14. CHAPTER 9 How to Do Things with Words
    (pp. 216-248)

    Many observers (Legge 1995a; Storey 1989) have argued that HRM’s over shadowing of classical personnel management did not lead to the introduction of a coherent new range of practices, but that it is better understood as the introduction of arhetoricabout how employees should be managed to achieve competitive advantage. Human Resource Management should thus be regarded primarily as a cultural construction comprised of a series of metaphors redefining the meaning of work and the way individual employees ought to relate to their employers. Keenoy and Anthony suggest: ‘HRM is a rhetoric aimed at achieving the employees’ normative commitment...

  15. CHAPTER 10 The Social Significance of Flexibility
    (pp. 249-271)

    As the title of the book indicates, the word ‘flexibility’ is important. In order to accommodate to changing, turbulent markets, companies and their employees strive to be flexible. This has become corporate common sense, and the effort to attain organizational flexibility is an important backdrop to the whole idea of value-based management treated in previous chapters. The sociologist Manuel Castells writes about the background toThe Network Society:‘the fundamental goal of organizational changes was to cope with the uncertainty caused by the fast pace of change in the economic, institutional and technological environment of the firm by enhancing flexibility...

  16. CONCLUSION
    (pp. 272-278)

    My book is an investigation of management culture discourse in its social context. Through ethnographic fieldwork in a HR department, I have examined concepts and metaphors, and the images of social life implied and role models offered by these descriptions. I have investigated how these ideas are created and communicated; how they change; what people do with them; and what they do to people. Doing ethnography or perhaps ‘ergonography’¹ among Human Resources staff, who worked on identifying and communicating the culture of Bang & Olufsen, and yet also said that they were not fully part of it, was not a straightforward...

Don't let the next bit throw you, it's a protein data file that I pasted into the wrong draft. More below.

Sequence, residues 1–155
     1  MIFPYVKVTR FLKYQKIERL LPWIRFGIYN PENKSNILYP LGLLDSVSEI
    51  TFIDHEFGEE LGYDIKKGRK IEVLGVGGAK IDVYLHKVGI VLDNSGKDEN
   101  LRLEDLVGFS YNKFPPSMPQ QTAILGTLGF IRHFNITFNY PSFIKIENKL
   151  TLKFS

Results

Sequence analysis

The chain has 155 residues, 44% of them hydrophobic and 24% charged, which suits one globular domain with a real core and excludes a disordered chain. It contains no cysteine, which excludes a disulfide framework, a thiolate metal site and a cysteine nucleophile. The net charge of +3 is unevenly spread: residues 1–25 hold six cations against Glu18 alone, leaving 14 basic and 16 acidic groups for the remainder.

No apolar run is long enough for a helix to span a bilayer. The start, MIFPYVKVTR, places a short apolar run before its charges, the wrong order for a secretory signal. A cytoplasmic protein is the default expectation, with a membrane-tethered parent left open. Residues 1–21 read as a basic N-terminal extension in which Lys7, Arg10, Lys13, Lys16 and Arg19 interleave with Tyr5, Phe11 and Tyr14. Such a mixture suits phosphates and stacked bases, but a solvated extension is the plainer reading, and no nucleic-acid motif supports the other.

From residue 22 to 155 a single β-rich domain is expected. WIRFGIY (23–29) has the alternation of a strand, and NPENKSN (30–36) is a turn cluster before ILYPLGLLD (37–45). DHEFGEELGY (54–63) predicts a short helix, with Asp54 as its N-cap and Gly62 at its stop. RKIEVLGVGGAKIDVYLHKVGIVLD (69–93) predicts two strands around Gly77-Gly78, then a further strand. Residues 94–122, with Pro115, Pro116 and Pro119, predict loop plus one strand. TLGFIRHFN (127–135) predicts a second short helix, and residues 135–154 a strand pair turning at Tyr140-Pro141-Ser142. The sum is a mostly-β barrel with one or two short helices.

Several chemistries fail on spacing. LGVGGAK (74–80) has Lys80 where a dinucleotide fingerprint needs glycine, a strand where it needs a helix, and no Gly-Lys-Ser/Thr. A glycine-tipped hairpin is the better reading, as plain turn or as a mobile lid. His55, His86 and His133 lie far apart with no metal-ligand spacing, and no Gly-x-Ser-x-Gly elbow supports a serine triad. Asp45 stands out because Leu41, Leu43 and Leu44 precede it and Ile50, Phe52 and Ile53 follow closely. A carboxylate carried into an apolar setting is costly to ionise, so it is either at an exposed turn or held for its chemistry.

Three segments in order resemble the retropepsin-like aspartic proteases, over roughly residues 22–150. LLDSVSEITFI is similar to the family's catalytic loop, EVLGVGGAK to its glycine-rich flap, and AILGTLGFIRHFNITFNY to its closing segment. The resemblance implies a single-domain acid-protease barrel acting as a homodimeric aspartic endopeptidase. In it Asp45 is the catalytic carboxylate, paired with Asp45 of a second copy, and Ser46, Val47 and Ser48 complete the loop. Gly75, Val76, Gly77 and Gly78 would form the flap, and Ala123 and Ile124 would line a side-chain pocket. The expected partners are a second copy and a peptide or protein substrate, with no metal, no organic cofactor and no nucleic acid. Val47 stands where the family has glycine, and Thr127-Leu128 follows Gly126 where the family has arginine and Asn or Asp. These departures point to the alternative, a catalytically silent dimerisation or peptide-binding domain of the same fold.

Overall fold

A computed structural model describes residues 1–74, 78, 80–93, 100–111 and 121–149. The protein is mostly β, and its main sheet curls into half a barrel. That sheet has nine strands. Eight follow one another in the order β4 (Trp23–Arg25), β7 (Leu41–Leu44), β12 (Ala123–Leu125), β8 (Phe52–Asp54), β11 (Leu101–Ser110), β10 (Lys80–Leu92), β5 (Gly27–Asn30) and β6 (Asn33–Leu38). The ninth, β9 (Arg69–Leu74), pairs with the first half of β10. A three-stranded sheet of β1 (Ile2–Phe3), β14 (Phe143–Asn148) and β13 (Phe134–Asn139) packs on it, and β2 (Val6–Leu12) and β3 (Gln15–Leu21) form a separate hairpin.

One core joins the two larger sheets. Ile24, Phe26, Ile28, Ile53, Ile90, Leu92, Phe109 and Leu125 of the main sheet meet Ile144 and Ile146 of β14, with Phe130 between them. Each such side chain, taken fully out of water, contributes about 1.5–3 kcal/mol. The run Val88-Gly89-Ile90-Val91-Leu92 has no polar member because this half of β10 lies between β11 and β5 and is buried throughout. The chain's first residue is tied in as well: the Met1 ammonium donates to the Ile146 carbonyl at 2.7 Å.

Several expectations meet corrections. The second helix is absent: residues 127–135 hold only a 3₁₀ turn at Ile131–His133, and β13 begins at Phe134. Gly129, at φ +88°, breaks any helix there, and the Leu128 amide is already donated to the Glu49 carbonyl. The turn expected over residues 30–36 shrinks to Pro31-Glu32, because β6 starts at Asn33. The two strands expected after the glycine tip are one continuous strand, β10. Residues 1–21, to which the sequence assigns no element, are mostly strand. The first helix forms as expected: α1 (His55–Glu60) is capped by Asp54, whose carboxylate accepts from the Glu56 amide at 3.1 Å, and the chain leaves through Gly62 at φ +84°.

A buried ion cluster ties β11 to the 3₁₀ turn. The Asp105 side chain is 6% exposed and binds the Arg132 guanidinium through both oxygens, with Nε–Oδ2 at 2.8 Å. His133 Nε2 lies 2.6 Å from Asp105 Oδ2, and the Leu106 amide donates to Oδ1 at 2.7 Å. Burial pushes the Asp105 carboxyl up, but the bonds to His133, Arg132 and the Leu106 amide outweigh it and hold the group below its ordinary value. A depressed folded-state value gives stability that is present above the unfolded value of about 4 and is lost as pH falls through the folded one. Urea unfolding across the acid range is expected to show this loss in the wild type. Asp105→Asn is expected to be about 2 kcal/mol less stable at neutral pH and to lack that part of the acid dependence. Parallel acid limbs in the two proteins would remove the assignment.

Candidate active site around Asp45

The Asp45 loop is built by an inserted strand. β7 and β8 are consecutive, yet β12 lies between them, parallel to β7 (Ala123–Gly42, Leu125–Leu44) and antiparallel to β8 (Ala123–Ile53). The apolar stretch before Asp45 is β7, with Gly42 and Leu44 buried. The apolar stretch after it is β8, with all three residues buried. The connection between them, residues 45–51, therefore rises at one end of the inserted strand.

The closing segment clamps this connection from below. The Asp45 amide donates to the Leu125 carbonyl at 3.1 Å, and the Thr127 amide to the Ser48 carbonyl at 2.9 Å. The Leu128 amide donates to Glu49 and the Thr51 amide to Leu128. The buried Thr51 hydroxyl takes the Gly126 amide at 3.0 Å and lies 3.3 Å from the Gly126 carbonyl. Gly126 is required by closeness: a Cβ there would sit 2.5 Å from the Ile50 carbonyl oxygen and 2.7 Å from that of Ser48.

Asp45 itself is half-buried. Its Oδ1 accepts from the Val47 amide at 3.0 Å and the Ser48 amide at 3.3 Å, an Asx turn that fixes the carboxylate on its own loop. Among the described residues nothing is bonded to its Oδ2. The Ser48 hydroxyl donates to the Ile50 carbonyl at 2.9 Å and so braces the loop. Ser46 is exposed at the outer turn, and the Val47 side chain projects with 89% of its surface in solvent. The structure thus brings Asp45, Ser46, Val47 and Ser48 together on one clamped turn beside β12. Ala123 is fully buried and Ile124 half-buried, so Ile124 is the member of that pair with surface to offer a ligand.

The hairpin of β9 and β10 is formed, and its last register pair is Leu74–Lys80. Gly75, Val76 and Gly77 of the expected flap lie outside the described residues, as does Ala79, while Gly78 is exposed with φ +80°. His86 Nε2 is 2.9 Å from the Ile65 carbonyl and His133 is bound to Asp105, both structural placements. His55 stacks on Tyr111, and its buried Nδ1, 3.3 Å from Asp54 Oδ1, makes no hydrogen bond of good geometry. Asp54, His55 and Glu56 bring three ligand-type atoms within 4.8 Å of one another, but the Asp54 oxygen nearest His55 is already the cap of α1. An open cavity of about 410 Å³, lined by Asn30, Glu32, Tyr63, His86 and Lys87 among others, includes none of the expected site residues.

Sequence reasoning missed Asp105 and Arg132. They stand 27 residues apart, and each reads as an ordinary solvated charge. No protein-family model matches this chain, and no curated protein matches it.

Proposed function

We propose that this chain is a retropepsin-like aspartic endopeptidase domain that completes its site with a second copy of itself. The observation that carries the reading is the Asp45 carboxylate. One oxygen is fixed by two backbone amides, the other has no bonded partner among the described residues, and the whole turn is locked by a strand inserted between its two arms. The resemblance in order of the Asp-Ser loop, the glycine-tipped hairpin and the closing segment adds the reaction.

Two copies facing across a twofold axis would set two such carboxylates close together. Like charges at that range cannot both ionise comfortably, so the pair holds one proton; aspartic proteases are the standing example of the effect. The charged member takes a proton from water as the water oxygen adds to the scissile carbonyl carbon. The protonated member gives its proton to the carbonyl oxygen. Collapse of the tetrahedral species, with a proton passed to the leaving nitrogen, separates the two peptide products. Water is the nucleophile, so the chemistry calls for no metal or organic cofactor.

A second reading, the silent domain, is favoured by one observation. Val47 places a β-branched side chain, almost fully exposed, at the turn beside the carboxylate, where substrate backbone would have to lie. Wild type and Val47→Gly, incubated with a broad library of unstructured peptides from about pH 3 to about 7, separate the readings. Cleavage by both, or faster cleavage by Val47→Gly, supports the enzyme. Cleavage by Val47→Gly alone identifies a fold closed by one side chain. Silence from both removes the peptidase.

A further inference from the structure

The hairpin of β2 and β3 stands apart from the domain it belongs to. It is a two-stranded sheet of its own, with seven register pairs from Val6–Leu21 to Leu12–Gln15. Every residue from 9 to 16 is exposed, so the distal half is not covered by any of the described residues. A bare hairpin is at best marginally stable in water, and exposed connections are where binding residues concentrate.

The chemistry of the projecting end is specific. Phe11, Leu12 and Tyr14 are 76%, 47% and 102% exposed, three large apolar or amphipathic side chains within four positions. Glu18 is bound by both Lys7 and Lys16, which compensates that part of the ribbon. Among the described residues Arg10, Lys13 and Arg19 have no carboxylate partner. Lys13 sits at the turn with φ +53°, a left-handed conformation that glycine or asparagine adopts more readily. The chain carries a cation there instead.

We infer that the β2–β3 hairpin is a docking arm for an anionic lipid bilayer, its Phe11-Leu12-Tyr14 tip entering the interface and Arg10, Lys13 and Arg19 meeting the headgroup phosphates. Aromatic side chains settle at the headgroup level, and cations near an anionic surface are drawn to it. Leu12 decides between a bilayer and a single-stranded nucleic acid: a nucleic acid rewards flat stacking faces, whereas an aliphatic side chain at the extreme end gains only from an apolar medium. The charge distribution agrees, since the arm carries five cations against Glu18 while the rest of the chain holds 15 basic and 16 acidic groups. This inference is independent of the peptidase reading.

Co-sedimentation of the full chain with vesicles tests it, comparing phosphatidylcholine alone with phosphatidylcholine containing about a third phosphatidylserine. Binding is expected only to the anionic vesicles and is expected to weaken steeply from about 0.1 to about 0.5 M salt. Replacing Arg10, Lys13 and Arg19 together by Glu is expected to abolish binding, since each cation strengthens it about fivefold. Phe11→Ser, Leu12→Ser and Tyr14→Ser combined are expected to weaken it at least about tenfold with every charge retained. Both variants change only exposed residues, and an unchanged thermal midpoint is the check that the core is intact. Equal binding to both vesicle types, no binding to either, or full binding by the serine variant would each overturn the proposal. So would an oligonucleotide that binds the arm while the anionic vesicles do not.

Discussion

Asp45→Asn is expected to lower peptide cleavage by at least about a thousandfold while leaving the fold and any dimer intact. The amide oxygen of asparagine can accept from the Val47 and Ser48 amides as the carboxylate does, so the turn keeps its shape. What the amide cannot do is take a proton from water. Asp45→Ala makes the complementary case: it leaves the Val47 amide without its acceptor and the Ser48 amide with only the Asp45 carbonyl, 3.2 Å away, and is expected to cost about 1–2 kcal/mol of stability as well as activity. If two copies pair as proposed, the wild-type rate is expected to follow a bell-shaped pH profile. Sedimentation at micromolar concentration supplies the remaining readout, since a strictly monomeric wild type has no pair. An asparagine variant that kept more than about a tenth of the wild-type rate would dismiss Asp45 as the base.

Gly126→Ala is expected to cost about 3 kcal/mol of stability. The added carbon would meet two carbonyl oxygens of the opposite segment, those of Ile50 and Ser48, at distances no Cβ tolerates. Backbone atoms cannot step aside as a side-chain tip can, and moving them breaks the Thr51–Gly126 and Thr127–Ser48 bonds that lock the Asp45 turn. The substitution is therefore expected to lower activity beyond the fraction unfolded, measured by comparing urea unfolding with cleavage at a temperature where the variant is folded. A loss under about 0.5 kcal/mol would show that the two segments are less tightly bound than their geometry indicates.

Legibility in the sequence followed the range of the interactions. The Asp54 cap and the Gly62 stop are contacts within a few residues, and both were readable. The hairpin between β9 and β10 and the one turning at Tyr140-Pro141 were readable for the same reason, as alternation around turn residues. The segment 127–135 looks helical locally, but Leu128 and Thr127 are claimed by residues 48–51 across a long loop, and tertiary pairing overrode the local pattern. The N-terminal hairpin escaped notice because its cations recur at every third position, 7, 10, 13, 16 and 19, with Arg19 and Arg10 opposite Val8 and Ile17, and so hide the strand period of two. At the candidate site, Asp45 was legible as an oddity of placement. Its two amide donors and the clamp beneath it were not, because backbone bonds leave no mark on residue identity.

17. POSTSCRIPT
    (pp. 279-279)

    In the summer of 2005, I visited Bang & Olufsen for the first time in two years. I talked to people and tried to find out what had transpired since I did my field research. Not surprisingly, a lot had happened since the time of my fieldwork: the process of outsourcing continues; the maintenance of the building and the catering has been outsourced; and, a production plant has been set up in Czechia. David Lewis is still the chief designer, although his position has perhaps become more volatile than before as competing designers are now hired. Under the banner ‘back to...

  18. APPENDIX
    (pp. 280-280)
  19. REFERENCES
    (pp. 281-291)
  20. INDEX
    (pp. 292-302)